Challenge Group task

 

Cool Colors
Blue, Green, Violet

  • have soothing, relaxing, reassuring effects
  • elegant, precious, fresh
  • stand for water, sky, glaciers, objectivity
  • give depth as they tend to take themselves aback

Warm Colors
Red, Yellow, Orange

  • vibrant, powerful, energetic
  • stand for fire, blood, sun, joy and love
  • pop in the front

 

Neutrals
There is one particular species, that I keep skimming over in fabric shops, knowing I’m doing very wrong: neutrals, like greys, browns, beiges, and of course black and white. These subtle, discrete, elegant fabrics. They don’t talk to me. Not at all. Maybe I just don’t listen, but anyways. But I am aware that I need them more than they need me. Without them, there is no depth in a quilt, they stay clumsy. With them, colors come to life, they gain depth, importance and impact.

 

Harmony vs Contrast
This is probably one of the first questions you may want to ask yourself when getting ready to plan a new quilt: Should it be a quiet, unobstrusive, smoothing, low-key pal, or are you heading for a drama queen, shrill, loud, fun?

According to this decision, you can choose from a big box of tools:

 

Play with Color!

Complementary Contrast
As a child I loved it so much, because I was really proud of knowing this complicated word (that’s the same reason why I told everyone that I wanted to become an ornithologist when I was growing up)
And it’s still special, because it is so full of energy: the com-ple-men-ta-ry con-trast.

Colors are complementary, when they face each other on the color wheel.

YellowViolet

RedGreen

BlueOrange

Pure Power, right? Doesn’t necessarily match John Doe’s preferences, yet – a powerful design tool.

A very smart trick keeps up the tension while relieving the eye a bit. That does the 

Broken Complementary Contrast
Take – instead of the directly opposing – the two neighbors of that complementary  color. This way, you don’t change the strength of the contrast, but give the eye a rest.

Combine:
Yellow with Blue-Violet and Red-Violet

Red with Yellowish-Green and Blue-Green

Blue with Yellowish-Orange and Red-Orange

And this can even be extended:

Double Compementary Contrast
Combine two complementary couples, that is

Blue and Orange with Green and Red or 

Red-Orange and Blue-Green with Yellowish-Green and Red-Violet

Also quite vibrant, carefully speaking.

 

Triadic and Tetradic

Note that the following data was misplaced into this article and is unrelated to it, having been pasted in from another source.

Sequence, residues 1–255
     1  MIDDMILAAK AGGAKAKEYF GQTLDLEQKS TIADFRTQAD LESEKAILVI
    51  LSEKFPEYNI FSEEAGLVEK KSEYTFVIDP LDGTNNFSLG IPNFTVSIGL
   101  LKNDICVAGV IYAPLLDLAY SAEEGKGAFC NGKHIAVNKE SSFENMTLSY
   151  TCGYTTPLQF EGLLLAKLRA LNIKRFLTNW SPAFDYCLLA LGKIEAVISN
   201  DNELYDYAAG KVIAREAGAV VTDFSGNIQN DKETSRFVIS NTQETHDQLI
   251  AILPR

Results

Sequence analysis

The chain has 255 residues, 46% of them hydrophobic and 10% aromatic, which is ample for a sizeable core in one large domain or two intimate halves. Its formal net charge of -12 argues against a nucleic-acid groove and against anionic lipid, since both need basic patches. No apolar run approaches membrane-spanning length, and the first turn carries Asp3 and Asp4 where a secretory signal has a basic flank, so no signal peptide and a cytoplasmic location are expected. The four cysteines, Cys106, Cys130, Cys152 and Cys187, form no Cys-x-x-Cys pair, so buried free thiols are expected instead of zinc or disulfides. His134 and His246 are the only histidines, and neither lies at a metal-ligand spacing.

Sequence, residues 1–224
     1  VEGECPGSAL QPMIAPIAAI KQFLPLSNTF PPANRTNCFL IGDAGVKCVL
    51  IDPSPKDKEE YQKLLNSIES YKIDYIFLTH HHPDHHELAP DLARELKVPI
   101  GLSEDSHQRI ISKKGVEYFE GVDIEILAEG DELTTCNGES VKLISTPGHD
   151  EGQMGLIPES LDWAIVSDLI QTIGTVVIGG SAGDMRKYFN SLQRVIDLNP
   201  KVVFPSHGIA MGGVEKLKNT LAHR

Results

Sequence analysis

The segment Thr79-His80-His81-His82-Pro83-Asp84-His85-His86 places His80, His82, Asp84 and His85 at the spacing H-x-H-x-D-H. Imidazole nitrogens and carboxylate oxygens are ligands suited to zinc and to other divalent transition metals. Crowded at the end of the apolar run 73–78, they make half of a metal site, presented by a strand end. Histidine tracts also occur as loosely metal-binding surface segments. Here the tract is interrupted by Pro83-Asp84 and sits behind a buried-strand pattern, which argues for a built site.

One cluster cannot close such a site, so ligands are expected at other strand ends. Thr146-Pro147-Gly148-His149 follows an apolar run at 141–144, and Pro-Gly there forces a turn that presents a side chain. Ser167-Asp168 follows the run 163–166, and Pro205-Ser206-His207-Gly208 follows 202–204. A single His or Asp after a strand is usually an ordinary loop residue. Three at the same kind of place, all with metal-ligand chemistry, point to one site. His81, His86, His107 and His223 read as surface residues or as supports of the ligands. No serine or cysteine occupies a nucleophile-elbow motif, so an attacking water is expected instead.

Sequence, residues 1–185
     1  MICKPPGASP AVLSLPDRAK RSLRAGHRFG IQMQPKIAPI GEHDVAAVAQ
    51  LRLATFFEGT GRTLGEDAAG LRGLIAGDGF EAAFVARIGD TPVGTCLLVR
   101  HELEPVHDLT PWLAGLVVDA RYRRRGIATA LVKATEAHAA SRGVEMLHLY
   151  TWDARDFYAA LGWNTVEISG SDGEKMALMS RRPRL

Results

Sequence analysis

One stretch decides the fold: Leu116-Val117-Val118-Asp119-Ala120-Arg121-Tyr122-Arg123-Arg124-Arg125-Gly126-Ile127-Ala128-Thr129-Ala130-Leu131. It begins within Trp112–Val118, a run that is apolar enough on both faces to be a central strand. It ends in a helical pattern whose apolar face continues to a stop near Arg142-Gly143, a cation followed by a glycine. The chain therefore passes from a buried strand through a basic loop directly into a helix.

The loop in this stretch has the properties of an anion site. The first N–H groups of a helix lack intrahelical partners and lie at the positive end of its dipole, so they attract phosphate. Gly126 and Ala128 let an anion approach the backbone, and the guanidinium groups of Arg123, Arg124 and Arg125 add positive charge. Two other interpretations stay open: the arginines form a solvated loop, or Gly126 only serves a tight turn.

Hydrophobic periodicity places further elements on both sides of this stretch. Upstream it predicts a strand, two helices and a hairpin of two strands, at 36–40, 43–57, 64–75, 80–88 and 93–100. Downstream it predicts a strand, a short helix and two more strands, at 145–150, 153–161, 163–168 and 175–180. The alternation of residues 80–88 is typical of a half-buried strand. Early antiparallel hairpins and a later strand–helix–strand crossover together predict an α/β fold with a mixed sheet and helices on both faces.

To achieve these, choose colors within the same distances on the color wheel, either three, that create a triangle, or four, that result in a square when linked.

triadic:
Blue, Red and Yellow (our three primary colors)
Orange, Green and Violet

tetradic:
Red-Orange, Violet, Blue-Green and Yellow
Red, Blue-Violet, Green and Yellowish-Orange

Triadic combinations can still be very powerful if used with low saturated fabrics, like pastels.

 

Analogous Harmony
Living in proximity on the color wheel, they show real neighborliness: The use of adjoining colors will yield a calm, friendly and very harmonic quilt. Choose three or more neighbors, and they’ll get on well together:  

  • Green, Blue-Green, Blue and Blue-Violet
  • Red, Red-Orange, Orange and Yellowish-Orange
  • Yellow, Yellowish-Green, Green and Blue-Green

and so on…
Don’t you see an easy-going picture in your mental imagery? Even so, too much of harmony may end up in boredom. 

 

Play with Value and Saturation! 

Light-Dark Contrast
This contrast is a pretty logical one, right? Finding its strongest version in black and white, you also create it with light-dark-shades of all colors.
With the targeted use of light or dark fabrics you can either emphasize an area or fade it into the background, for example to „highlight“ a specific shape.
On the other hand, homogeneous light or dark fabric combinations may come across very unified and seamless, as if made from one piece.

Monochrome or Ombré-Harmony
Choose different values and/or saturations of one very hue to achieve a quiet, but not boring quilt. Combining patterned and solid fabrics will add extra interest.

Neutrals
Dreaming of a decent, noble quilt? Just stick with neutrals all over! They work well on their own as well as in combination with strong colors and will always give quietness and coolness. Especially the addition of just one single color as a counterpoint is truly elegant and will even emphasize the reservation of the neutrals.

One more word about patterns vs solids